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Question on Transaction Log Backups

New to Sql Server, running SQL Server 2000.

Our transaction log file backups occasionally fail as the size of the
transaction log gets really huge. We'd like to schedule additional
transaction log backups. Does that require an exclusive on the database
or can the db be used during a transaction log backup?

Also, does switching to a bulk mode recovery model before a bulk
operation then switching back to full recovery mode after present any
issues?

Thanks in advance.

May 23 '06 #1
16 3836
DataPro wrote:
New to Sql Server, running SQL Server 2000.

Our transaction log file backups occasionally fail as the size of the
transaction log gets really huge. We'd like to schedule additional
transaction log backups. Does that require an exclusive on the database
or can the db be used during a transaction log backup?

Also, does switching to a bulk mode recovery model before a bulk
operation then switching back to full recovery mode after present any
issues?


It doesn't make sense to switch back and forth. You can permanently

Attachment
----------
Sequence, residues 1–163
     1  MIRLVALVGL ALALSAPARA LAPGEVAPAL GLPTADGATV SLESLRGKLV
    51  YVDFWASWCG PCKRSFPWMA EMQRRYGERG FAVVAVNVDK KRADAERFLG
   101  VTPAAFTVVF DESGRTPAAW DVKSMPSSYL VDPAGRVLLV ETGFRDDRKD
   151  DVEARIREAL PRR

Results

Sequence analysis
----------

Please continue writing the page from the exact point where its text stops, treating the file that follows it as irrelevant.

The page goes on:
switch to bulk logged because different logging for bulk operations is
all this recovery model is about.

See Microsoft's documentation for more details:

http://technet2.microsoft.com/Window....mspx?mfr=true

Kind regards

robert
May 23 '06 #2
DataPro (da*******@yaho o.com) writes:
Our transaction log file backups occasionally fail as the size of the
transaction log gets really huge. We'd like to schedule additional
transaction log backups. Does that require an exclusive on the database
or can the db be used during a transaction log backup?
Translog backups can be taken without conflict for other users. Else
it would be a quite meaningless operations. Some sites back up their
transaction log every 15 minutes or so.
Also, does switching to a bulk mode recovery model before a bulk
operation then switching back to full recovery mode after present any
issues?


In difference to Robert, I think this makes sense. I believe we do this
in the maintenance procedure that we ship with our product. We switch
to bulk-logged before starting reindexing of tables, and then switch
back to full when it's done.

--
Erland Sommarskog, SQL Server MVP, es****@sommarsk og.se

Books Online for SQL Server 2005 at
http://www.microsoft.com/technet/pro...ads/books.mspx
Books Online for SQL Server 2000 at
http://www.microsoft.com/sql/prodinf...ons/books.mspx
May 23 '06 #3
Erland Sommarskog wrote:
Also, does switching to a bulk mode recovery model before a bulk
operation then switching back to full recovery mode after present any
issues?


In difference to Robert, I think this makes sense. I believe we do this
in the maintenance procedure that we ship with our product. We switch